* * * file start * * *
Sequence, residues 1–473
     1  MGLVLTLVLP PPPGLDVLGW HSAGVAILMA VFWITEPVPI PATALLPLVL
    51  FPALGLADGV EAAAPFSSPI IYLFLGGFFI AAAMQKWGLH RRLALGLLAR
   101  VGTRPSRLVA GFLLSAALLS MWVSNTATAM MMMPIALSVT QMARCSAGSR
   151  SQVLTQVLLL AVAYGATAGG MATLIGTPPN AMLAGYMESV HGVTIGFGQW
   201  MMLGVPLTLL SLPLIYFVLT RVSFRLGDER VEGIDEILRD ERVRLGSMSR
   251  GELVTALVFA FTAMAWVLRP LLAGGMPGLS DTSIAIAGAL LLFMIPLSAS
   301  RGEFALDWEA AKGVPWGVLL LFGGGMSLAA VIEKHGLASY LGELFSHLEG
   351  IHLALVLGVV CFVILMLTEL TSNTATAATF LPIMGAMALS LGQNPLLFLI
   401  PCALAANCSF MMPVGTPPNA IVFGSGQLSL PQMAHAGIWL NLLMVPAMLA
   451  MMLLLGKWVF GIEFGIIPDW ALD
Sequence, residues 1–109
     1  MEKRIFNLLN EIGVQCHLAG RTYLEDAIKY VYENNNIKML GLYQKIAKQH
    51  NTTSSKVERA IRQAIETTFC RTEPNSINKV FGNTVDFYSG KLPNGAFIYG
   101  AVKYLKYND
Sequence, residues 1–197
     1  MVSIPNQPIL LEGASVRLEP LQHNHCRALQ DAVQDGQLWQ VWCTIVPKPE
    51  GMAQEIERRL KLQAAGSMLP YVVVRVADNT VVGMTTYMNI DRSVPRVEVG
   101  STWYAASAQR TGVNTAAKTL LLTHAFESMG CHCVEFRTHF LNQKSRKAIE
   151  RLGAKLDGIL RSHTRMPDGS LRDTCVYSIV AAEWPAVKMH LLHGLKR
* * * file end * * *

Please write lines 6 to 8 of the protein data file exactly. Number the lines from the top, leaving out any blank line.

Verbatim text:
   201  MMLGVPLTLL SLPLIYFVLT RVSFRLGDER VEGIDEILRD ERVRLGSMSR
   251  GELVTALVFA FTAMAWVLRP LLAGGMPGLS DTSIAIAGAL LLFMIPLSAS
   301  RGEFALDWEA AKGVPWGVLL LFGGGMSLAA VIEKHGLASY LGELFSHLEG